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Veteran Nearly Loses Family Business Due to Government Construction Project

by / / Civil Cases, Results

FULLERTON, Calif. – Chen Lee is the proud veteran and owner of All American Surplus, an Army/ Navy surplus store that has been in business for over 17 years.  The store specializes in camping gear, military uniforms and military memorabilia.  It’s patrons include current members of the active military, veteran groups (Veterans of Foreign Wars, the American Legion, AMVETS), campers, hikers, paint-ball enthusiasts, and more.

All American Surplus is located at the intersection of Fender Avenue and Placentia Avenue in Fullerton, California.  Immediately to the south of the store are the Burlington Northern Santa Fe (BNSF) railroad tracks. Lee’s store used to have a prime location because drivers would often stop in and shop around while waiting for the trains to pass.

However, when Orange County Transportation Authority (OCTA) officials approved a grade separation project on Placentia Avenue, that prime location was lost.

As part of the O.C. Bridges project, OCTA developed a grade separation to redirect the flow of traffic so cars wouldn’t back up waiting for trains to pass. This meant putting up a large concrete wall blocking the street view and entrance to All American Surplus.

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Lee recalls how during the construction process he attempted to put signs up to let patrons know his business was still open. Unfortunately, the signs were often taken down or went unnoticed.

Not only was the visibility of All American Surplus completely blocked, the road leading to the store’s entrance was demolished during the construction process. Ultimately, patrons were unable to see or access Lee’s store due to the new grade separation.

All American Surplus profits plummeted for nearly two years.

Lee was heartbroken that his family business of 17 years was failing because of a government project he had no control over. He feared All American Surplus would have to close its doors.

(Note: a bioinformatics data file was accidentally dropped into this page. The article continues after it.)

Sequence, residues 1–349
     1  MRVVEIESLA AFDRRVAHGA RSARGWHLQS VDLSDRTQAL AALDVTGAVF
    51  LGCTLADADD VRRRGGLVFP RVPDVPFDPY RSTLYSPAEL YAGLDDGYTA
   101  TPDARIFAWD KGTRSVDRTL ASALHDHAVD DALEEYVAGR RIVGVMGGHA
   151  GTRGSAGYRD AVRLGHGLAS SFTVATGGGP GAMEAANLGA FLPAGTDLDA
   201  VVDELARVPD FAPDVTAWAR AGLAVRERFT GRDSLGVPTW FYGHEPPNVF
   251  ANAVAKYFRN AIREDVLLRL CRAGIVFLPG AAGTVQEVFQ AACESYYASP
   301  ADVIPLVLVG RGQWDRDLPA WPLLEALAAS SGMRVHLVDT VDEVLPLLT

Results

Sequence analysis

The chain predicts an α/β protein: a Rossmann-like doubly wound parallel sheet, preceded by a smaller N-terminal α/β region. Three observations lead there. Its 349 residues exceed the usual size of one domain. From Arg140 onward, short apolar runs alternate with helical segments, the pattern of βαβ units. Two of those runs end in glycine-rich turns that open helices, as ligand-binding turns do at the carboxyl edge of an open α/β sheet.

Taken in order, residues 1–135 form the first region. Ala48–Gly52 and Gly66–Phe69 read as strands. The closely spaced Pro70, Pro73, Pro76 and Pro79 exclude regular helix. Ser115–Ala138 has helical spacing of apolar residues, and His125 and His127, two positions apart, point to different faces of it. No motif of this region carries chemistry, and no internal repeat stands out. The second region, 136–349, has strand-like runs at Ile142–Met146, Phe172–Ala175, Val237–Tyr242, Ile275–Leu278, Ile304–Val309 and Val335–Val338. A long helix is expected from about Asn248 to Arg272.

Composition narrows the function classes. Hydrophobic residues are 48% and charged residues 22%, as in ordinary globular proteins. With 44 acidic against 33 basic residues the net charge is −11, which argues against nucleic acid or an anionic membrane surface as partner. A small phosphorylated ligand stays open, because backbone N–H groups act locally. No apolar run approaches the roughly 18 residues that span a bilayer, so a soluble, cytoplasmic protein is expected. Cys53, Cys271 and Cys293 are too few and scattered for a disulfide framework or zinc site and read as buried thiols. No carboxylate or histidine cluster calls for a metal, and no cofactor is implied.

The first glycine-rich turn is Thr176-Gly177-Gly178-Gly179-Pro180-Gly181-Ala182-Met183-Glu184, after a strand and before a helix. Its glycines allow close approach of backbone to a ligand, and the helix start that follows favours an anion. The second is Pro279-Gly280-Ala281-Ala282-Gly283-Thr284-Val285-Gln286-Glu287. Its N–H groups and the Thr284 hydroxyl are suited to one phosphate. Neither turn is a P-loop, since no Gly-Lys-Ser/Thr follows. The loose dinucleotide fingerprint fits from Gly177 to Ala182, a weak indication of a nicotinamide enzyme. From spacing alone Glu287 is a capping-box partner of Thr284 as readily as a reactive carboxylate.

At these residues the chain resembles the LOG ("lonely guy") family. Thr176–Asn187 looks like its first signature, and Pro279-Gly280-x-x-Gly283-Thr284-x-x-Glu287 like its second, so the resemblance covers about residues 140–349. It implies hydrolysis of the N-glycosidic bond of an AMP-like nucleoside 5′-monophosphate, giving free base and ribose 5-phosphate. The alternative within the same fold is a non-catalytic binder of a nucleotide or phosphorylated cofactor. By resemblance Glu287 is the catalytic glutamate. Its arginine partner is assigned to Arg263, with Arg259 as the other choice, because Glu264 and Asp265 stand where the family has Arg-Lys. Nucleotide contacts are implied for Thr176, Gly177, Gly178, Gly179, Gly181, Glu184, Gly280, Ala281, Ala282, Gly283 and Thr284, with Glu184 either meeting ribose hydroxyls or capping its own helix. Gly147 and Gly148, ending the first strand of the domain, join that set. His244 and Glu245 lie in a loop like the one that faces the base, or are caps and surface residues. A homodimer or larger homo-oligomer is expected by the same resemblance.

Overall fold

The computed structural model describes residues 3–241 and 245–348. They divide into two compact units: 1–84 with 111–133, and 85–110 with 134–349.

Lee researched legal recourse and discovered the concept of inverse condemnation.

Inverse condemnation happens when the government devalues your property without fair and just compensation. Inverse condemnation can happen in a variety of situations, ranging from construction limiting access to businesses to flooding caused by city negligence. In Lee’s case, the owner of the property was compensated for the construction by OCTA, but as a tenant, Lee was left to suffer the financial consequences.

After months of plunging sales, Lee was struggling to make his rent. He decided to retain Jorgensen & Salberg, LLP to help save his business.

Jorgensen & Salberg was able to prove that Lee’s business suffered an immense decrease in profits as a direct result of OCTA’s grade separation project. Lee was granted increased visibility of his business and awarded $140,000 compensation for lost profits.

Lee commented, “I am thankful that Jorgensen & Salberg helped save All American Surplus. When my father (a 25-year veteran) passed away, it was his dream for me to take over the family business. I am glad that my store will continue to live on and serve other veterans.”

 

 

 

 

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